Philipp’s brother Samson Benjamin’s descendants are today represented, as far as we know, through two lines. The first by his son Louis, whose silk factory in Manchester was among the most renowned, and second by Louis’s brother Stephan whose grandson Randolph headed the Slade School of Fine Art.
Samson Benjamin Schwabe was born in 1770 and died in January 1845 in Dessau. He married Depan Frederica Liepman and they had four children:
Louis Schwabe’s grandson, Louis Gustav, married his cousin Evelyn May who was Fanny Schwabe’s granddaughter. Other families of interest who have married into the Schwabe family and vise versa include: Ermen, Falcon, Cook, and Wolff.
There are two distinct and unrelated families called Schwabe whose members emigrated to England. One Schwabe family, as we have noted, came from Dessau and it is this family that is described on these pages. The other came from Oldenberg in Germany and information on that family can be found in various sources. Both families had members who left for Manchester to set up cotton, silk, and calico factories, but despite their similar origins and many parallel experiences; the two are not in fact related.
Gustav, brother of Fanny, had no children and so on his wife’s death his entire fortune was left to his nephew (his sister’s son) Gustav Wolff.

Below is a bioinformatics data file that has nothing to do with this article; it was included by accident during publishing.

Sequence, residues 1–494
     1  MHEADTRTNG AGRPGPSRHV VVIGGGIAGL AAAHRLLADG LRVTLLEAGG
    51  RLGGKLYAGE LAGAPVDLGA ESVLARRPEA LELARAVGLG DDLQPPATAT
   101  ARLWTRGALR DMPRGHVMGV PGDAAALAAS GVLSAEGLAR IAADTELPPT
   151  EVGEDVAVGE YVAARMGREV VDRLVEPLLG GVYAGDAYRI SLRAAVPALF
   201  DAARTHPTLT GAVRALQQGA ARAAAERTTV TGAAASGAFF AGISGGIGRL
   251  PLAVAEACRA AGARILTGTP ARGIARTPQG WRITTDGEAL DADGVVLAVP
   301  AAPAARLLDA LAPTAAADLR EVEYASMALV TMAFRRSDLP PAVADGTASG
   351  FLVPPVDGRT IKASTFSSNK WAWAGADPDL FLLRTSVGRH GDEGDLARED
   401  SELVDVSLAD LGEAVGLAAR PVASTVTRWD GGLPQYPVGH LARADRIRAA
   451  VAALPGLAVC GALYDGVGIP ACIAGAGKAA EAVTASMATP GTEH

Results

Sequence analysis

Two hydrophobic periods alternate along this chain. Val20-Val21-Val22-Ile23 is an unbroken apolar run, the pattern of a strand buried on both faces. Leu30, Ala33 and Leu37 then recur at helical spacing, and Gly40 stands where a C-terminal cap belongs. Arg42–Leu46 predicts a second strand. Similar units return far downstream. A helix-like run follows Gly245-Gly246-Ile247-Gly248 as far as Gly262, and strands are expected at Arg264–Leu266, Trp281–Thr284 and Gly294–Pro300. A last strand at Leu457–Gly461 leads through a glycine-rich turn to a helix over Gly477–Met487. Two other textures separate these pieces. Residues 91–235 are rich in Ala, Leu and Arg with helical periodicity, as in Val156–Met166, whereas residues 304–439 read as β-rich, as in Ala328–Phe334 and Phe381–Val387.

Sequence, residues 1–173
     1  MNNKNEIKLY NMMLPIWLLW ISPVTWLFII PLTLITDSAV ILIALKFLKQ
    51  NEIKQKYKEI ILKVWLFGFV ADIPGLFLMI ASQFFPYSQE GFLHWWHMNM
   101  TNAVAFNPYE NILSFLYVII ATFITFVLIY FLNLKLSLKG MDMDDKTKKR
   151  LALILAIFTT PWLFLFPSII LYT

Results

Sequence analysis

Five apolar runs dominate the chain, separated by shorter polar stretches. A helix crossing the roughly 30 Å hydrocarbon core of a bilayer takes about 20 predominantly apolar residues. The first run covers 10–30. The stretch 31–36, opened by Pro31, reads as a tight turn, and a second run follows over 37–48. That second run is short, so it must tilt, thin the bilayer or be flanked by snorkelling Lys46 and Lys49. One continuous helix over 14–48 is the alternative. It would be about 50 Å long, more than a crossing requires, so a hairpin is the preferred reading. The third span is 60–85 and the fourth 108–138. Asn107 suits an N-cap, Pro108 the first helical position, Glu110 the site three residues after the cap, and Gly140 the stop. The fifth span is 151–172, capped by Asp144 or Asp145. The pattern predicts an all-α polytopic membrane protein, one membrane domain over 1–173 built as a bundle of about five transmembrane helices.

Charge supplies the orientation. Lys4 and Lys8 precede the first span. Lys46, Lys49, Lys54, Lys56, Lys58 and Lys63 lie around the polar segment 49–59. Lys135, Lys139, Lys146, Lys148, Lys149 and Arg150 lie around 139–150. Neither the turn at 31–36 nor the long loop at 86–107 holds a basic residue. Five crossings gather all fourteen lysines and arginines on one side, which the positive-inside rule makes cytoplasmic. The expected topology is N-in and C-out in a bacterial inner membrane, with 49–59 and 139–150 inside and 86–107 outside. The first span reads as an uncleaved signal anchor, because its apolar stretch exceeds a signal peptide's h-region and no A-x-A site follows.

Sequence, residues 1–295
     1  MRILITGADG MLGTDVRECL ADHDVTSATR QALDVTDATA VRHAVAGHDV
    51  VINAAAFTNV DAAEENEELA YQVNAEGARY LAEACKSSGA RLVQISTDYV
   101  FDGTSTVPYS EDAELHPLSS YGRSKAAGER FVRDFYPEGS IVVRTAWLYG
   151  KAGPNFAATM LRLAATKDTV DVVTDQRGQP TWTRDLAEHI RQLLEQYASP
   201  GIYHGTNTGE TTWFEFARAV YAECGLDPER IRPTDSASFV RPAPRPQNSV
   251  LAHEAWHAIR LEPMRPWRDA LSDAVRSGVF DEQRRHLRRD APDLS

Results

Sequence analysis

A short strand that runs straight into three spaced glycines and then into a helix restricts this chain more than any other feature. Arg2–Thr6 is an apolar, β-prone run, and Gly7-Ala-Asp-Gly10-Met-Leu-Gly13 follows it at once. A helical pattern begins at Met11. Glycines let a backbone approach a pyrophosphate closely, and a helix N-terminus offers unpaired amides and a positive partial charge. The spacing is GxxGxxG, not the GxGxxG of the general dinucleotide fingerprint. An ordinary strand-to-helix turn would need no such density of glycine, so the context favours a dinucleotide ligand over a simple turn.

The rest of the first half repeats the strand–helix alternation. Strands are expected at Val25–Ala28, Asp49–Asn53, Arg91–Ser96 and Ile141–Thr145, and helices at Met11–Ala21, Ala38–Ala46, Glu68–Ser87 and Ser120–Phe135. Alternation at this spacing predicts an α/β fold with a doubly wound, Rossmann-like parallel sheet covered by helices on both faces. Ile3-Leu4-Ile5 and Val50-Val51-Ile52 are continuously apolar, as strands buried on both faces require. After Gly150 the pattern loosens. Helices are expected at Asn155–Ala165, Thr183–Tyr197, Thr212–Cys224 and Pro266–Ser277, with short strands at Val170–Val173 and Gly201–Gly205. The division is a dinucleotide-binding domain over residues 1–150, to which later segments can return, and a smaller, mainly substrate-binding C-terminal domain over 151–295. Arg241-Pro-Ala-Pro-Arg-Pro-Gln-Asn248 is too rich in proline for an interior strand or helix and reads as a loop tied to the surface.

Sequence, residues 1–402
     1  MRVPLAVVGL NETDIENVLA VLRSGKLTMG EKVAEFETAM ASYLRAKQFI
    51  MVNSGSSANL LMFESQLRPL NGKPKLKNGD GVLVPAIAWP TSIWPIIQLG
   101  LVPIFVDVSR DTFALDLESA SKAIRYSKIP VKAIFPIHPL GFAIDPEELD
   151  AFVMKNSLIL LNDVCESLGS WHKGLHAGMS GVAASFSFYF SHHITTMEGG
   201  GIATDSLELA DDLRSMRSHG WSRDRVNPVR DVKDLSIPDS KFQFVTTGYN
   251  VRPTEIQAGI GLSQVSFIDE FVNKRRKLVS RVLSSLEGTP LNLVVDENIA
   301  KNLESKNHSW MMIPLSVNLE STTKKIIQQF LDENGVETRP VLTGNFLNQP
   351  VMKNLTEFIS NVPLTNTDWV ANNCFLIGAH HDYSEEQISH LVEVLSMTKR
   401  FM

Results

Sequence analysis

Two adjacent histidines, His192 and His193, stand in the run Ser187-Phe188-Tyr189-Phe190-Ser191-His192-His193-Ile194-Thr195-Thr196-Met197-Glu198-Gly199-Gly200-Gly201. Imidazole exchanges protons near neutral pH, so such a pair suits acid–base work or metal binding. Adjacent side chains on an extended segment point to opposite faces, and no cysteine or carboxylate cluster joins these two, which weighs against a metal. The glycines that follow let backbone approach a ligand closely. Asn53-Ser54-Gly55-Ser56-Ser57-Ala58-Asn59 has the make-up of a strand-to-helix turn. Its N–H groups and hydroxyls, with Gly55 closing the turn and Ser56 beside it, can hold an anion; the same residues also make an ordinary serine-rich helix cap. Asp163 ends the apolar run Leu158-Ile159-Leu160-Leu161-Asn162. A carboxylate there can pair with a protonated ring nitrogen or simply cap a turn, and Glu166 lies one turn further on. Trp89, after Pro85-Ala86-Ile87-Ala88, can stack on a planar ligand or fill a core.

GUY THORNE and When it was Dark
A book was published in 1903 by a man named Guy Thorne called When it was Dark. The book tells the tale of a successful Jewish merchant living in Manchester, a German immigrant, called Schwabe (or Schuabe depending on which edition) who is a Unitarian and who undertakes a devilish plot to destroy Christianity! How does Schwabe intend to do this? Simple. A message, in the form of a clay tablet, will be discovered by a renowned archeologist in a tomb among the hills above Jerusalem. The message is from Joseph of Arimathea, admitting that he, Joseph, stole the body of Christ and hid it in this same tomb. So that when the disciples thought that Christ had risen from the dead, they were victims of a well-meant deception by Joseph of Arimathea. There had been no Resurrection. The body had merely been secretly transferred from one tomb to another. The entire Christian world had been the victim of this hoax. Schwabe manages to get the leading archeologist from the British Museum to authenticate the message by not only paying him a lot of money but also threatening to reveal the expert’s adulterous relationship. As a result of the finding all hell breaks out mainly in terms of assaults on women by bands of rampaging men.